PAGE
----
For example, the zeal to accuse politicians of bowing to perceived political correctness on stop and search powers (take the Daily Mail’s front page in August declaring “BEAT GANG VIOLENCE WITH MORE STOP AND SEARCH”) overlooks the fact that Khan actually already announced a “significant increase” in police’s use of stop and search in January.

Let alone any widespread recognition that black people are at least eight times more likely than white people to be stopped and searched, even though they are statistically less likely to be found with drugs.

And very rarely is it mentioned that there’s no evidence that the level of police stop and search powers has an effect on killings. A College of Policing study of Metropolitan Police boroughs looking at ten years of data from 2004-14 found that stop and search had no effect on the levels of violent crime. In fact, in New York, since police reduced their use of equivalent stop and frisk powers, the murder rate has fallen to a record low.

The right’s focus on gang-related crime in London also doesn’t reflect when Glasgow was western Europe’s “murder capital” in the mid-Noughties, with the spiral of knife crime and gangs involving majority white men. Today, the UK’s highest murder rate is in Renfrewshire and Inverclyde in Scotland, where the main town of Paisley is 97 per cent white.

Historically, groups like the National Front would prioritise publicising crimes by people from non-white British backgrounds for propaganda purposes. Not unlike tweets like the below by Hopkins:

For decades, the right has tried to “piggyback” on mainstream news story to “turn them back to their messaging, to their themes”, according to director of the Centre for Analysis of the Radical Right Matthew Feldman, an academic who has been studying different strands of the right for 20 years.

“Insofar as there might be knife crime that’s associated with gangs, for example, and those gangs might also have a higher than statistically representative proportion of BAME communities, it plays into the – I’m stereotyping hugely and I certainly don’t believe this – ‘blacks are criminals’, ‘this group doesn’t want to assimilate’, ‘this group is particularly dangerous’,” he says.

In the last few years, Feldman says he and fellow scholars of the far-right have noticed different strands of the far-right coming to together around Islamophobia and anti-multiculturalism – using them as “populist issues that can help get many of their concerns into the mainstream”.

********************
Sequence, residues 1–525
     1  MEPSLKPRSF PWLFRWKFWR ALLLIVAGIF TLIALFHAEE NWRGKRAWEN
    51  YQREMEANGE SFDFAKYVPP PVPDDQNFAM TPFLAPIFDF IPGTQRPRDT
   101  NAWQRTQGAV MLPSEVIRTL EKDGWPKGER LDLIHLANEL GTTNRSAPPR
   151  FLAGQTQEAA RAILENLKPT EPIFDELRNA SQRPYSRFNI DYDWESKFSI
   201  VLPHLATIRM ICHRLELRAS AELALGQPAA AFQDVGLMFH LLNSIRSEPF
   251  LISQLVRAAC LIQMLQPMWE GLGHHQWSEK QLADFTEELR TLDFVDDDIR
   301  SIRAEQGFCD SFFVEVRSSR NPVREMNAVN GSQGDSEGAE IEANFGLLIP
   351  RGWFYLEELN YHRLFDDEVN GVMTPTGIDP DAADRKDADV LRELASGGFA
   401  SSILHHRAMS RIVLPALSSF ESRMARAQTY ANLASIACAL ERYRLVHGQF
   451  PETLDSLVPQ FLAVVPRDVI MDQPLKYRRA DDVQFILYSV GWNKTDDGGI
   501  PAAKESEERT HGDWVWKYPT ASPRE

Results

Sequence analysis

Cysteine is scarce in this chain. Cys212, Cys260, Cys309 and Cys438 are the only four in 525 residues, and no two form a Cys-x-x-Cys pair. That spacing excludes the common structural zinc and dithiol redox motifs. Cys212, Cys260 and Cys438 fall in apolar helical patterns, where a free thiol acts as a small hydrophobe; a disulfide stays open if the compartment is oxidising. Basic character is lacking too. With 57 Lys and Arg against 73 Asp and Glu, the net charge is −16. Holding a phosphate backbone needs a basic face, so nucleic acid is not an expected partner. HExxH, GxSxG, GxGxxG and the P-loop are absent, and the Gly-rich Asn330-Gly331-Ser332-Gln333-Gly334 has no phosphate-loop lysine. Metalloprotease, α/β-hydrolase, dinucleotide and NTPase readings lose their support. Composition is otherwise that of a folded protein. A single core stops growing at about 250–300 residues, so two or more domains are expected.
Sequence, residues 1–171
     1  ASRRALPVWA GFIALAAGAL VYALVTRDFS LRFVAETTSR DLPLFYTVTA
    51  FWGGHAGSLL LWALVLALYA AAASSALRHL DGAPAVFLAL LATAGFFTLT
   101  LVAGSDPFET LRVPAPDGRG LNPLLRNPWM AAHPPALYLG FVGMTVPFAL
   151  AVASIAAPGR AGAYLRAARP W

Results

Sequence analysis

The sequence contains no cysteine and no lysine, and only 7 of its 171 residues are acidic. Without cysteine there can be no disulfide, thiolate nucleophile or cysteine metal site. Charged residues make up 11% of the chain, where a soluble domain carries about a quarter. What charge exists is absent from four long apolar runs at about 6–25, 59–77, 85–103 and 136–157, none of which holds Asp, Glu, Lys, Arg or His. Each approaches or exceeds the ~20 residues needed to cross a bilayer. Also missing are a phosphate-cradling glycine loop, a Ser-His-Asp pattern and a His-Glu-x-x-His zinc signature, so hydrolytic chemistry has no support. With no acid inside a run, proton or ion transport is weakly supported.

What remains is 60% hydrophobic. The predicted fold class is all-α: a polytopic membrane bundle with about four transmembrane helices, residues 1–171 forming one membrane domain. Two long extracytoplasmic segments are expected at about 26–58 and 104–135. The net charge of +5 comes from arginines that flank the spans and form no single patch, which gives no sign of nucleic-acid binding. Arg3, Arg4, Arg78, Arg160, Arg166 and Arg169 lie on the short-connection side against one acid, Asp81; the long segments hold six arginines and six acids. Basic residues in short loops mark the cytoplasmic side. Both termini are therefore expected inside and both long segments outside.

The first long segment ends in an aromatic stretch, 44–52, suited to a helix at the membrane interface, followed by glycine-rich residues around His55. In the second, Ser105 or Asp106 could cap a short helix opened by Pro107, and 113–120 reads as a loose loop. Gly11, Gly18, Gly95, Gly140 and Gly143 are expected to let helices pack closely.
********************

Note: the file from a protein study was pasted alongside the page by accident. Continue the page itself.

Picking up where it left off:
For example, the Ukip leader Gerard Batten – who calls Islam’s founder Muhammad a “paedophile” and Islam a “death cult”spoke at a protest to free Tommy Robinson, a thug with criminal convictions for assault and football hooliganism who previously led the English Defence League. Batten also marched alongside the far-right Democratic Football Lads Alliance at an anti-Muslim rally in Sunderland.

This was a “major, I think very significant, coming together of two wings – of the party political and the street demonstration group”, according to Feldman. “The idea that white, and in particular white working-class culture or ethnicity is under threat is one of the things we do see starting to congeal this century in a way it hasn’t necessarily before.”

I wrote recently how far-right extremism is finding a home in mainstream British politics, and nowhere is this dogwhistle more audible than in the exploitation of knife crime. Just last week, the front page of the Express yelled “‘Wild West’ Britain Out Of Control” – its sensationalist tone about a knife crime story not uncommon on British newspaper front pages.

“The way in which these things are framed by the mainstream media has a huge influence on how they’re picked up” by the far-right, finds Feldman.

For example, when the perpetrator of a terrorist attack’s faith is emphasised if they’re a Muslim, it “plays right into their [the far-right’s] hands”.

Whereas if the reporting is done responsibly – focusing on whether “this person may have been a criminal in and out of jail, or had mental health challenges” – it can lead to a “diminution in hate crimes against, in this case, targeted minority communities”, Feldman’s research finds.

“The way in which [crime] is reported and addressed in the mainstream can either fan the flames or indeed help put them out… Broadly speaking, the far-right is always there to hoover up these stories and turn them to their own ends,” he says.